Clapper bridges are something I’d previously associated exclusively with Dartmoor; there is a famous large one at Postbridge but there many more examples spanning watercourses on the moor. A recent tweet from Forestry Commission Scotland alerted me to the fact that they can be found in Scotland and, with my antennae tuned, I spotted a couple of examples on the hilltrack that links Cashel Dhu with the public road to the north.
Clapper bridge construction relies on building up piers of rock, using dry-stone techniques, then spanning the gaps with longer, flat stones. This is the weakness of the approach, as the stones can be flipped off the piers during flood events. You can see where this has happened in the photo below.
The requirement for certain types of stone that will yield suitable blocks is a classic example of geology determining a construction method.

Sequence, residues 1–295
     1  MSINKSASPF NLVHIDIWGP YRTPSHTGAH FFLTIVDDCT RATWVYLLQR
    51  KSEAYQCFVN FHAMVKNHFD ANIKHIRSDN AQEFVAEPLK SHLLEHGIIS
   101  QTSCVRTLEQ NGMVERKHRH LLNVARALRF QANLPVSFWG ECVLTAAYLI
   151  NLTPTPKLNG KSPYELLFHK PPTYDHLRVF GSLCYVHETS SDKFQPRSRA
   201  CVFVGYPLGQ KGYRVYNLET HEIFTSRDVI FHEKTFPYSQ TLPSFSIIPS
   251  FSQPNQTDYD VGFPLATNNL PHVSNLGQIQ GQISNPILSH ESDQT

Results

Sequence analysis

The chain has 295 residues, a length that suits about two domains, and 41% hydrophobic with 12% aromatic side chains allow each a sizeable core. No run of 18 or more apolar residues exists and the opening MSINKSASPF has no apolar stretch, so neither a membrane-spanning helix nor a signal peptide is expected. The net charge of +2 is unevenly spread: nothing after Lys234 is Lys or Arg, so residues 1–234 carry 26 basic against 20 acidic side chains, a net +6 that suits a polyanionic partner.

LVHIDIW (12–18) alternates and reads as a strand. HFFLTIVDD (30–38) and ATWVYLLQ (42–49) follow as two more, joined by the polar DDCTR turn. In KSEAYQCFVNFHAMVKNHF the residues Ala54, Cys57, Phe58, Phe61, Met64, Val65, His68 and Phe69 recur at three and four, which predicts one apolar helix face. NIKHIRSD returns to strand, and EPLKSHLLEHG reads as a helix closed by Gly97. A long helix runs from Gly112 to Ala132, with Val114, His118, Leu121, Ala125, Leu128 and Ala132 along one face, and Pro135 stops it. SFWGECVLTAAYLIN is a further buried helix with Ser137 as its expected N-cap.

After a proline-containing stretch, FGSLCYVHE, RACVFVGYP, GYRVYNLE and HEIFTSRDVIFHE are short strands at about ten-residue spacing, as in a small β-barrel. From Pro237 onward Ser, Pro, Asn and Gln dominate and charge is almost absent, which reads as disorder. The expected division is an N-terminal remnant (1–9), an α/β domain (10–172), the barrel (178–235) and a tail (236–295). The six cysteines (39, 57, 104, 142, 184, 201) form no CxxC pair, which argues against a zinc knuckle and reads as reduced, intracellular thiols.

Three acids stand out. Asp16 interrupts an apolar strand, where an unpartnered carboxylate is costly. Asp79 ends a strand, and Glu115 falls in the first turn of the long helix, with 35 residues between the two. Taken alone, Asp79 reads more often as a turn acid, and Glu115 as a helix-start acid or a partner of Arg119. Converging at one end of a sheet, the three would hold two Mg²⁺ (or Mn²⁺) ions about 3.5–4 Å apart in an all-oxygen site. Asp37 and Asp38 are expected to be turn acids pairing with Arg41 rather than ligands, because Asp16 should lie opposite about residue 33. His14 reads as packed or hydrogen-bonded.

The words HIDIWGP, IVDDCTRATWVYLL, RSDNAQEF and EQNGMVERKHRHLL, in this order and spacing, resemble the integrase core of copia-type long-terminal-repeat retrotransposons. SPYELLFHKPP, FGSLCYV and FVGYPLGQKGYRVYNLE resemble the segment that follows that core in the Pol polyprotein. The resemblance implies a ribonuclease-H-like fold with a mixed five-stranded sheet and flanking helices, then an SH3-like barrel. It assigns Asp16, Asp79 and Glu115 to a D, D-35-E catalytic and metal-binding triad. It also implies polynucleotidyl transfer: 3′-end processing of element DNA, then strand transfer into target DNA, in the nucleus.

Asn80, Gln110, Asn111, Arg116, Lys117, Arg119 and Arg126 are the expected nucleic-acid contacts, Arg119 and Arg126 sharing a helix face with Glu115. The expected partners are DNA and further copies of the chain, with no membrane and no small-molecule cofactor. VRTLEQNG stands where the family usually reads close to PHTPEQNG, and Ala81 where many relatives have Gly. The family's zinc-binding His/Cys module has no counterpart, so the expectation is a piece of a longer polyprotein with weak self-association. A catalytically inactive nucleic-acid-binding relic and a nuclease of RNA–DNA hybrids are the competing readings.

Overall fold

This style of bridging is much more geographically widespread in the upland areas of Great Britain than I had first appreciated, with examples in Snowdonia, Anglesey, Yorkshire and Lancashire. Tarr Steps is routinely billed as the ‘oldest bridge in Britain’, with an accompanying myth about the Devil having dibs on sunbathing rights there, although there is no dating evidence for the claims of the structure being 3000 years old. Nonetheless, this bridge has 17 spans and is very unusual. The techniques were still being used in the early 20th century in some places, as a record of a clapper bridge at Shawbost demonstrates and I reckon there are probably more recent rough and ready examples out there used on walking routes. When I did footpath work we never built anything quite like this but it has potential and is an attractive style of work. Anyone got any examples of such work? If you want to build your own model, you can use the material in the Forestry Commission Scotland tweet.